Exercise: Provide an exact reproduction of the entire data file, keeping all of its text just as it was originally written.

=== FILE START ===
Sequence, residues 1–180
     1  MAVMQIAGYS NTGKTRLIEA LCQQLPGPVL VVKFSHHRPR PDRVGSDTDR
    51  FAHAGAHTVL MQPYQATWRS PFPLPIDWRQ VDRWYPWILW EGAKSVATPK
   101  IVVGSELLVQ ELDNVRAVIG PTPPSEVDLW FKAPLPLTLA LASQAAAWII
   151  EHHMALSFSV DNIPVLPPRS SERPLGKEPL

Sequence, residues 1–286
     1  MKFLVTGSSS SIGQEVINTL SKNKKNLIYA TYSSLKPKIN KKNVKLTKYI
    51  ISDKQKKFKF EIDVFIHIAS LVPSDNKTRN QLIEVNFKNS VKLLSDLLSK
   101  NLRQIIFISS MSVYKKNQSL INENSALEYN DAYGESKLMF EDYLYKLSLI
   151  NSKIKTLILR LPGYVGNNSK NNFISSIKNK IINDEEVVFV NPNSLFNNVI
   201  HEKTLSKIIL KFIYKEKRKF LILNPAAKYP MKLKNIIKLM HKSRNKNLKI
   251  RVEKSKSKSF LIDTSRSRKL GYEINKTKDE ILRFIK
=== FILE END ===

Sequence, residues 1–180
     1  MAVMQIAGYS NTGKTRLIEA LCQQLPGPVL VVKFSHHRPR PDRVGSDTDR
    51  FAHAGAHTVL MQPYQATWRS PFPLPIDWRQ VDRWYPWILW EGAKSVATPK
   101  IVVGSELLVQ ELDNVRAVIG PTPPSEVDLW FKAPLPLTLA LASQAAAWII
   151  EHHMALSFSV DNIPVLPPRS SERPLGKEPL

Sequence, residues 1–286
     1  MKFLVTGSSS SIGQEVINTL SKNKKNLIYA TYSSLKPKIN KKNVKLTKYI
    51  ISDKQKKFKF EIDVFIHIAS LVPSDNKTRN QLIEVNFKNS VKLLSDLLSK
   101  NLRQIIFISS MSVYKKNQSL INENSALEYN DAYGESKLMF EDYLYKLSLI
   151  NSKIKTLILR LPGYVGNNSK NNFISSIKNK IINDEEVVFV NPNSLFNNVI
   201  HEKTLSKIIL KFIYKEKRKF LILNPAAKYP MKLKNIIKLM HKSRNKNLKI
   251  RVEKSKSKSF LIDTSRSRKL GYEINKTKDE ILRFIK